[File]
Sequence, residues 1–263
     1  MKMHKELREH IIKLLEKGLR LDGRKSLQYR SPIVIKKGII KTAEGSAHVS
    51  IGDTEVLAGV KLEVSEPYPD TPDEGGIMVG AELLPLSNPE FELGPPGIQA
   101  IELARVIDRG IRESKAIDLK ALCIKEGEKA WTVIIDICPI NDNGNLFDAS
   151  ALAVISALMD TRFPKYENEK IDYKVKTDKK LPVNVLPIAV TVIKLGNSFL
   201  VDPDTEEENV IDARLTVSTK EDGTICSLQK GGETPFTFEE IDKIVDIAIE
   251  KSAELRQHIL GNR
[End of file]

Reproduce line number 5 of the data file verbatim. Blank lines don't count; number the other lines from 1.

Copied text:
   151  ALAVISALMD TRFPKYENEK IDYKVKTDKK LPVNVLPIAV TVIKLGNSFL